Understanding is not required to be supportive to someone. You do not need to understand what someone is going through to continue to provide support. Society is missing this key point. I'm trying to figure out where people are coming from when things are said to the bereaved. I honestly want to know, so please comment below if you can give some insight.
Many times bereaved parents are subject to harsh statements. I'm sure the messenger doesn't intend for them to be harsh, but they are. things like "everything happens for a reason", "at least you have....", "be happy about....", "be thankful for....", "think of everyone else suffering far worse travesties than you", etc. My favourite, "choose to be happy". If you follow this blog, you know how I feel about this statement, you know how much bullshit it is and how horrible it is to ever say that to someone, give them a false idea that you can actually choose to be happy when you can't.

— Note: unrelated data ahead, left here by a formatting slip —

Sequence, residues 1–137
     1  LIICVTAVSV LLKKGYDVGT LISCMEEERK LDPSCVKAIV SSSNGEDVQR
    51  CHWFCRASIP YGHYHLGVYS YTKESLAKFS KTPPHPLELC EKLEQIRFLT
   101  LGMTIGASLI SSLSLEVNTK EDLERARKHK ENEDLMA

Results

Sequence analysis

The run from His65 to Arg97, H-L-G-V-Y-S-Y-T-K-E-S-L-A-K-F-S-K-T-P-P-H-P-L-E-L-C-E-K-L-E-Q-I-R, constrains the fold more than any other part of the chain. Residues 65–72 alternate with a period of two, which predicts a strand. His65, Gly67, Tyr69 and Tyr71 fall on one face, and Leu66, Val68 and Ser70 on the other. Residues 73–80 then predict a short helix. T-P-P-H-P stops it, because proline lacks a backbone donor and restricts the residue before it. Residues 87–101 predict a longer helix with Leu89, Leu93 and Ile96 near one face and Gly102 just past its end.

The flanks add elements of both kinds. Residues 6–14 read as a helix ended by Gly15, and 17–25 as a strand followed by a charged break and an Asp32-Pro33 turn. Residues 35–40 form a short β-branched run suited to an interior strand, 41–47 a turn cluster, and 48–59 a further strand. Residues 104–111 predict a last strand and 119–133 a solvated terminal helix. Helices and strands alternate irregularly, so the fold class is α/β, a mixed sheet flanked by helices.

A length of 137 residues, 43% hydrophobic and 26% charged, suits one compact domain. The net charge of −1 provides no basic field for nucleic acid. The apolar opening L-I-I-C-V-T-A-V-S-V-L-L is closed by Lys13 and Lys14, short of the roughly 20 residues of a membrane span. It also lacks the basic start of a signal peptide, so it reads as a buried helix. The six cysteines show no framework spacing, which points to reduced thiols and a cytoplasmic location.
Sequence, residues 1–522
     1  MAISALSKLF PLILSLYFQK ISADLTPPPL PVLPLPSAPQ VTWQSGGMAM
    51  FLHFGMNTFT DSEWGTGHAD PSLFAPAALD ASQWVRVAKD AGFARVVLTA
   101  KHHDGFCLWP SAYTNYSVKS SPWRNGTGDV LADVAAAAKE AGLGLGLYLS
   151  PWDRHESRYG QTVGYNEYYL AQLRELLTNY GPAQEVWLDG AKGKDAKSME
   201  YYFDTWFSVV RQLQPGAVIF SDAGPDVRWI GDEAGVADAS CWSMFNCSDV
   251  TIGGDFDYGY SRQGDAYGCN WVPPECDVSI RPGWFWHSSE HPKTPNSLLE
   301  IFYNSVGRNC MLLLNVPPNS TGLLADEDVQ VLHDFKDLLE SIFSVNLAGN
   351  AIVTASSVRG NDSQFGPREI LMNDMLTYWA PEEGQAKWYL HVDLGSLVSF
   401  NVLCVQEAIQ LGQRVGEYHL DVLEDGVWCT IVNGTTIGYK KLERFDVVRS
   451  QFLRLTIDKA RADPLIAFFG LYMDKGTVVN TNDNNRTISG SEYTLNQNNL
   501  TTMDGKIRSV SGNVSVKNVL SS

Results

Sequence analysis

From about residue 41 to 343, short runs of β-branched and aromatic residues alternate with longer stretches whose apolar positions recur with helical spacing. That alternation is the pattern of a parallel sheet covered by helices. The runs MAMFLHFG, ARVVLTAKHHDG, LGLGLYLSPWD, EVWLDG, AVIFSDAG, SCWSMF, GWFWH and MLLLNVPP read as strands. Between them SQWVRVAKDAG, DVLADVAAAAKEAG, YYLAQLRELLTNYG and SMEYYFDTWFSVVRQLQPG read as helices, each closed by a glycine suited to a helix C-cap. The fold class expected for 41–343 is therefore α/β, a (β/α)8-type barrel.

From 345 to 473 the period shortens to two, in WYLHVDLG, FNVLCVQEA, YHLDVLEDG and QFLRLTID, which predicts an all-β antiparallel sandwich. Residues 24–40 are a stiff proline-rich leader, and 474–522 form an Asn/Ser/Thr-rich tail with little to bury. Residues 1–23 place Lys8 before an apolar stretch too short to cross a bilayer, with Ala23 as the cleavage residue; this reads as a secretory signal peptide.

What us bereaved are having a hard time figuring out is, do people honestly think that we choose to be this way? For example, I have anxiety and ptsd, there are a vast amount of side effects that come with those mental illnesses. Do people who do not have these mental illnesses honestly think we choose to be anxious and worried and fearful? Do people think we choose to throw up from anxiety or ache so severely or shut ourselves in doors to keep us grounded? Do people think we choose to miss our or decline events because we are ";lazy" or "anti-social"? Do people think we have a hard time planning, organizing, making eye contact because we choose to? Do people think we honestly chose to feel miserable and sad, so much so that some days you break down in the parking lot of a hardware store or in the middle of the frozen food section at a grocery store? Do people think we choose to leave when things become too hard? Do people think we choose to look over bearing and protective of our children because we unfortunately know life is not guaranteed?